A Practical Guide To Managing Your Side Hustle
The idea of running in the rat race is becoming less and less appealing for millennials. The tradition of doing one job is becoming a thing of the past as it is gradually replaced with the emerging trend of portfolio careers. ‘Slashie’ titles are becoming more prevalent – bankers are now bloggers, and accountants are becoming artisans.
Whether it’s a hobby or a Plan B, it takes a lot of work and discipline to effectively manage a side hustle in a day and age where 9-to-5 is actually 8-to-7 and requires you to be constantly glued to your smart phone.
We spoke to some successful side-hustlers who have shared some key tips on how to juggle your own “slash” career.
Set your goals
When you’re staring at your computer on a Saturday for the eighth hour in a row while the sun is shining outside and all your friends are out sipping on cocktails, you will need a reminder as to why you’re there. Goal setting is important, as it acts like a source of motivation for those moments when you think ‘what the hell am I doing?!’
Articulating your ambitions in the early stages is a helpful way to keep you on track and stay motivated. Ask yourself – is your side hustle something you want to create into a full time job? Is it a way to get a financial leg up? Or it is simply a passion project?
Defining these answers will help pave the way for you to reach your goals. Be clear about what you want to achieve from your side hustle and put a note somewhere as a constant reminder; create a mood board or simply list your goals and set it as your screen saver.
Create a routine
Time management is everything when you’re not only managing two gigs at once, but you’ve also got that thing called a social life to consider.
Find out when you’re most productive and block out time each week to work on your passion projects. Perhaps it’s waking up at the crack of dawn every Wednesday or reserving your weekend for ‘side hustle Sunday’ to ensure side hustling becomes habitual.
Compromise will be key, as your new working hours will sometimes come at the expense of your social life. Jasmine Garnsworthy, a freelance editor who recently launched a line of beauty oils called The Buff, suggests letting your loved ones know your plans.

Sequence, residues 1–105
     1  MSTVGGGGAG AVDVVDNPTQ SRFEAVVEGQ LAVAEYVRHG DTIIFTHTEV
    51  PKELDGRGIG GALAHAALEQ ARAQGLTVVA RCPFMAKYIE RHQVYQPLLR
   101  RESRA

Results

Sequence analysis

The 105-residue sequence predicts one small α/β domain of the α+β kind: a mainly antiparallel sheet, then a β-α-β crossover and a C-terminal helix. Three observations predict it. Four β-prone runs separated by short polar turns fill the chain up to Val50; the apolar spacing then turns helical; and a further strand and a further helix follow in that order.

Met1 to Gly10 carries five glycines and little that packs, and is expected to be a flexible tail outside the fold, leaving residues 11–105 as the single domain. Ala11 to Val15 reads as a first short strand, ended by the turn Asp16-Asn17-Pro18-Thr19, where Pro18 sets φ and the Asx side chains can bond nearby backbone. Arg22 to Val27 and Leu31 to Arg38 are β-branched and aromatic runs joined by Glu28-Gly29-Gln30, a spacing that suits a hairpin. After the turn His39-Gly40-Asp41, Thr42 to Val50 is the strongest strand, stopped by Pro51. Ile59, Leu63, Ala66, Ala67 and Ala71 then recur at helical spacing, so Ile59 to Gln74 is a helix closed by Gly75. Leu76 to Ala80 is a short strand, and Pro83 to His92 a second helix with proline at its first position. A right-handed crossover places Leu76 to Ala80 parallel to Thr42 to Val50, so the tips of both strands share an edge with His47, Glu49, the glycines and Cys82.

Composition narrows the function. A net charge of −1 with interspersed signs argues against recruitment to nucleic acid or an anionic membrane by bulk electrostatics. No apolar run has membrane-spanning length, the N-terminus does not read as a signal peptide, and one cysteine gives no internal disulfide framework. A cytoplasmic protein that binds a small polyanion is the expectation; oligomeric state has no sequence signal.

“They should understand if you go MIA for a few months while gearing up your side hustle,” she says. “Set their expectations while you’re getting started, and make sure the people around you understand why you’re suddenly declining their invitations to brunch.”
Build yourself a team
When you’re at the start of building a business, hiring full time staff is usually unachievable. But you don’t have to have employees to get help. That’s what friends, family and freelancers are for, says Garnsworthy.
“I’m pretty practical when it comes to working out what tasks to outsource,” she explains. “Whether it’s printing labels (a task my boyfriend has largely taken over), graphic design (which I’ve outsourced to an amazing freelancer and former colleague), or taxes (I always use an accountant).”
Alex Thompson – legal counsel by day, and founder of The Bedhead Co. by night – also agrees. “I ask for as many people’s help and opinions as possible. My friends have expertise in PR, interiors and sales so I find their opinions and advice invaluable for The Bedhead Co.’
If you don’t have the cash or you’ve exhausted your immediate network there are plenty of online groups which can be a wealth of knowledge. Like Minded Bitches Drinking Wine has turned into a brains trust of successful businesswomen and side-hustlers who are always willing to dish out some advice or help for free.
Even if you have sensible and achievable goals, an amazing team to outsource to and you’ve got time management down to a fine art, passion is everything.
Alex finds that her side gig keeps her interested, which has been key to its momentum so far. “I think after a busy day at work most people like to switch off and sit in front of the TV. I have found that because I am learning so much and exploring my passion, I actually prefer spending a few hours before bed building the business,” she explains. “If I didn’t have that passion I wouldn’t get the work done and The Bed Head Co. would just be another idea rather than a real business.”
Jasmine agrees. “I’ve also earned a living obsessing over natural beauty and wellness for many years as an editor and writer, so this space is absolutely my passion,” she explains. “If you’re going to be working on a side-hustle until 3 a.m. (and not hate yourself for it!), you may as well be having fun at the same time.”
Have some downtime
Burning the midnight oil is inevitable when you’re essentially working two jobs but it is important you make some time to recharge. If you’re on the brink (or in the middle) of a burn out you’re unlikely to be producing quality work, which makes all those long hours pointless.
Whether it’s getting a massage, going for a walk, meditating or even just a night of Netflix and chill, add some relaxing time into your routine. Not only will your mind and body appreciate it, your output will be leaps and bounds above what you do when you’re frazzled.
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Hannah is a corporate manager by day and freelance writer by night. Her work has appeared on websites like Virgin Australia, AWOL and Broadsheet as well as her own travel blog, Tales and Trails. You can follow her adventures and admire cute photos of her dog Marvin at @talesandtrails_